“We got kind of pushed out of the program because we weren’t Olympic hopefuls any more,” Sweeney said. “You show up to your headquarters, you show up to your unit, and they know why you’re there. You’re there because you didn’t make the team.”
“We were feeling beaten down,” Morris added. “And it was helpful to have somebody there that has been through that experience and we can kind of understand each other in that sense.”
Sweeney was in a funk for five or six months. She only watched one day of the 2014 Games – the second day of women’s luge to see teammate Erin Hamlin win the bronze medal.
“Erin’s like family to me,” she said.
Changing her environment when the military called helped jump-start Sweeney, who is in the National Guard.
Getting Back On The Sled
“There was never really the thought of stopping,” she said. “I just knew that I had to take my time with it and then I knew that I was going to come back. I knew that I wasn’t done and I knew that I had the potential and the ability to become and Olympian and I was going to do that – it was just not going to happen that year.”
Sweeney has won three world cup silver medals since Sochi and also has a gold medal to her credit.
“Four years later I wasn’t nervous during this Olympic trials process,” she said. “I felt so much more confident and there wasn’t doubt.”
Morris said he didn’t watch 99 percent of the 2014 Games. “I just couldn’t turn it on, it hurt so bad,” he said.
At least Morris could look forward to marrying his wife Megan in May 2014. But he wasn’t ready to close the book on his luge career. While thinking about it made him want to vacuum – “I can’t stop cleaning,” he told Sweeney – he still yearned to clean up on the luge circuit.
Morris was determined to fulfill a dream he’d had since watching Michael Johnson win the 200- and 400-meter at the Olympic Games Atlanta 1996.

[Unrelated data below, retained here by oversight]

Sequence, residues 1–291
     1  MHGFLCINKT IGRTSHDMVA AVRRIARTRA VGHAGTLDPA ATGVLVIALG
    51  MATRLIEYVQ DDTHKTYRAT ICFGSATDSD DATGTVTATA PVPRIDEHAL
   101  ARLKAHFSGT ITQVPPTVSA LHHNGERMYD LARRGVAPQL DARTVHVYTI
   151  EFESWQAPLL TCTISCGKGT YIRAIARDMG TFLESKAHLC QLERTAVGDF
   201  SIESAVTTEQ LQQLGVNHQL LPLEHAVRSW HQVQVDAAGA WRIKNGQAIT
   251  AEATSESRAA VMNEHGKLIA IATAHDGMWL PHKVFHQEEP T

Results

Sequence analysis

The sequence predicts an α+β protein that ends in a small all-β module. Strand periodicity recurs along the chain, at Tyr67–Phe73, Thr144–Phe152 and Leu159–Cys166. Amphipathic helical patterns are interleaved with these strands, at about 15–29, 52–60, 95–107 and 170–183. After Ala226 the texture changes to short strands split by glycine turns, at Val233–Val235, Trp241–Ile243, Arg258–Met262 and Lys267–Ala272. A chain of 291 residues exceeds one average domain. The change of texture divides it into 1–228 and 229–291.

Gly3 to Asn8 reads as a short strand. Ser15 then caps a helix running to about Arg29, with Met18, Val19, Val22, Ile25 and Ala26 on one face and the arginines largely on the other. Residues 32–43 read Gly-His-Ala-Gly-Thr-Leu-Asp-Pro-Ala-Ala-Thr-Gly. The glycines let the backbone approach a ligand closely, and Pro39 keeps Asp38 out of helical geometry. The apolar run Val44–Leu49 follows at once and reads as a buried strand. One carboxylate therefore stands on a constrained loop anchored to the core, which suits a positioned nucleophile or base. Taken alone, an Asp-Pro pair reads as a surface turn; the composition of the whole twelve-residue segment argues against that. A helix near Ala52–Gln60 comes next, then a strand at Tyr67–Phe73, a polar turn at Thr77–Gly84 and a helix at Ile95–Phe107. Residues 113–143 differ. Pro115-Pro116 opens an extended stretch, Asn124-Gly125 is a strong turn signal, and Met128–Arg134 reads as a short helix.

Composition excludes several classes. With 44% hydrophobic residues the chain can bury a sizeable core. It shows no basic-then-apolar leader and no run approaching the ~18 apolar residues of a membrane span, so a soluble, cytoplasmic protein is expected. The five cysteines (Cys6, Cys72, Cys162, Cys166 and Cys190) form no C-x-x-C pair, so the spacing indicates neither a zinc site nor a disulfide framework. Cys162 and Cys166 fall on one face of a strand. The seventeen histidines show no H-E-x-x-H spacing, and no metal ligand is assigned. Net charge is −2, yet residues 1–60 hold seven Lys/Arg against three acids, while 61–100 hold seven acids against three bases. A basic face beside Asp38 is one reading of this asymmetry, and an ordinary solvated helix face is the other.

“That stuck with me and has resonated with me my entire life that I wanted to be like him,” Morris said. “So when I was 6 years old, I stopped eating cookies, I stopped eating cakes. I started drinking milk. I kept asking my mom, ‘Hey, would Michael Johnson be eating this?’ If she’d say no, I’d give it to my little brother. I changed my life because of him. I would love to meet him. He’s been a sports idol for me and someone I looked up to for a very long time. I found an avenue to get my way into the Olympic Games – and I’m here.”
In 2014, Aidan Kelly got the third Team USA Olympic berth instead of Morris.
When Morris finally made the Olympic team last December in Lake Placid, New York, Kelly was doing the commentary on the live stream.
“I went back and I watched it,” Morris said, “because at that point, it wasn’t real. So I just wanted to go watch it again and be like, ‘OK, I really did it, it’s on film.’”
Morris, who’d already won a bronze medal in the Lake Placid world cup sprint race for his first career world cup medal, took fifth place to hold off Jonny Gustafson. He said he heard Kelly say on the live stream that he was happy for him and he deserved it.
“It means a lot coming from him as well,” Morris said.
And naturally, Morris felt for Gustafson, his roommate and a good friend.
“He’s a tough kid and I know how heartbreaking that can be,” Morris said. “And he’s got an incredible future ahead of him. He’s got a lot of talent and I’m looking forward to seeing what he can do.”
As both Morris and Sweeney know, there’s always next time.